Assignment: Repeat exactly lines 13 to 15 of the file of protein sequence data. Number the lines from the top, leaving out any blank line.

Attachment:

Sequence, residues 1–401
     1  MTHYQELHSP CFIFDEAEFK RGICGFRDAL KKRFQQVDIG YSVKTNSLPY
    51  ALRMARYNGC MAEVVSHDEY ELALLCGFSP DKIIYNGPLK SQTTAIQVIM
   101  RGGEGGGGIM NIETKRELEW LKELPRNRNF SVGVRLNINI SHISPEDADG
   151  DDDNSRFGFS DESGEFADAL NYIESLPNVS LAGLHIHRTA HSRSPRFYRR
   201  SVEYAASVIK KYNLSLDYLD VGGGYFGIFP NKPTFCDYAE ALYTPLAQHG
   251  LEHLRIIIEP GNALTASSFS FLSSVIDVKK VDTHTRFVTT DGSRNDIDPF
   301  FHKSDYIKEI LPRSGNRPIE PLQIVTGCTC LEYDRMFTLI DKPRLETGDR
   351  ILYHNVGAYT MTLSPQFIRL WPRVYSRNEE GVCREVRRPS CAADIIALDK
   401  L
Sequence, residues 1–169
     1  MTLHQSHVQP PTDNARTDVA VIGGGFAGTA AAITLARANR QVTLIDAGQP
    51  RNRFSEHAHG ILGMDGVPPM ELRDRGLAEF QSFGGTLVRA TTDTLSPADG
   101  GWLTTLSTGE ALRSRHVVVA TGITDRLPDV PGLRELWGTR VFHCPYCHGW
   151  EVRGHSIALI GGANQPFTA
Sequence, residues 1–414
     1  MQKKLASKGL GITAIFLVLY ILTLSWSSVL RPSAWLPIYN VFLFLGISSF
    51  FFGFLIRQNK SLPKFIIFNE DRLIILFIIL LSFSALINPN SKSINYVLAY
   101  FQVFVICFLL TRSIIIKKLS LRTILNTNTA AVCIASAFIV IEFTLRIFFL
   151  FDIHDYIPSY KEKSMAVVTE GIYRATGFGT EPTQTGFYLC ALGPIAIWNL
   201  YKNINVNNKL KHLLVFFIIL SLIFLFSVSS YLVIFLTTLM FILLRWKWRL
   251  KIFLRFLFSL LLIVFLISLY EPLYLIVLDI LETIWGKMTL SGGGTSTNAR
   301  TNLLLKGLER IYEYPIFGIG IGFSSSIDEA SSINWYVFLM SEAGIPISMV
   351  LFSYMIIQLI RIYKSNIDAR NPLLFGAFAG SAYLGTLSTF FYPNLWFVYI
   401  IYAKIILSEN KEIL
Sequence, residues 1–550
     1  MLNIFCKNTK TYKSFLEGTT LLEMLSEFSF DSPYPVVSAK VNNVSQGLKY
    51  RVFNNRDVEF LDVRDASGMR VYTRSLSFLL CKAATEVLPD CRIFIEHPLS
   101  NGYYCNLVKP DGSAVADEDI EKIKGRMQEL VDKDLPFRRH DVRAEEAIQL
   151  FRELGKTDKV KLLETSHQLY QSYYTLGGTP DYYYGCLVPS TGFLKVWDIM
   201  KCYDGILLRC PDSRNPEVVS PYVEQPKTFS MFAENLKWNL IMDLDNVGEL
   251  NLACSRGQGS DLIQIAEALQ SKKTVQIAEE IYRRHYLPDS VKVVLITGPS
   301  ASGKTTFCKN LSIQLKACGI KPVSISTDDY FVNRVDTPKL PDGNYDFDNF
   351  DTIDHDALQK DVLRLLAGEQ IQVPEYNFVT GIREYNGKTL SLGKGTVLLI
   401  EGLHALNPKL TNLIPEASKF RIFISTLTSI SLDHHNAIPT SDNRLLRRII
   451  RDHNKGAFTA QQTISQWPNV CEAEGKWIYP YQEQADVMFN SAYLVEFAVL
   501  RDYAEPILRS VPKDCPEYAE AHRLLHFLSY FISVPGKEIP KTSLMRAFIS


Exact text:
    51  RNRFSEHAHG ILGMDGVPPM ELRDRGLAEF QSFGGTLVRA TTDTLSPADG
   101  GWLTTLSTGE ALRSRHVVVA TGITDRLPDV PGLRELWGTR VFHCPYCHGW
   151  EVRGHSIALI GGANQPFTA